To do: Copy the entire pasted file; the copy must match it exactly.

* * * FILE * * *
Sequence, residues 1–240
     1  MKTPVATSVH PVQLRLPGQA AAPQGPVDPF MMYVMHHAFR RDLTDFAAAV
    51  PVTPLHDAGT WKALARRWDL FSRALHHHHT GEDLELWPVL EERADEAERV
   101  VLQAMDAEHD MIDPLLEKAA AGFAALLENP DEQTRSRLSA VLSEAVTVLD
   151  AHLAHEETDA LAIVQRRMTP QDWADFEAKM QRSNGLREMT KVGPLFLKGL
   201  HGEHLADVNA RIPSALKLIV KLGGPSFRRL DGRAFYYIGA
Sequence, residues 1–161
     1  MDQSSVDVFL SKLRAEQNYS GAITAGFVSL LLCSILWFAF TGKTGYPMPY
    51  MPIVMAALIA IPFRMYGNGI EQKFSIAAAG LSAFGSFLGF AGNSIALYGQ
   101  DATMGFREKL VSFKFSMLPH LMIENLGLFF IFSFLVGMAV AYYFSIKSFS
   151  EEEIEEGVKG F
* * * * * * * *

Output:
Sequence, residues 1–240
     1  MKTPVATSVH PVQLRLPGQA AAPQGPVDPF MMYVMHHAFR RDLTDFAAAV
    51  PVTPLHDAGT WKALARRWDL FSRALHHHHT GEDLELWPVL EERADEAERV
   101  VLQAMDAEHD MIDPLLEKAA AGFAALLENP DEQTRSRLSA VLSEAVTVLD
   151  AHLAHEETDA LAIVQRRMTP QDWADFEAKM QRSNGLREMT KVGPLFLKGL
   201  HGEHLADVNA RIPSALKLIV KLGGPSFRRL DGRAFYYIGA
Sequence, residues 1–161
     1  MDQSSVDVFL SKLRAEQNYS GAITAGFVSL LLCSILWFAF TGKTGYPMPY
    51  MPIVMAALIA IPFRMYGNGI EQKFSIAAAG LSAFGSFLGF AGNSIALYGQ
   101  DATMGFREKL VSFKFSMLPH LMIENLGLFF IFSFLVGMAV AYYFSIKSFS
   151  EEEIEEGVKG F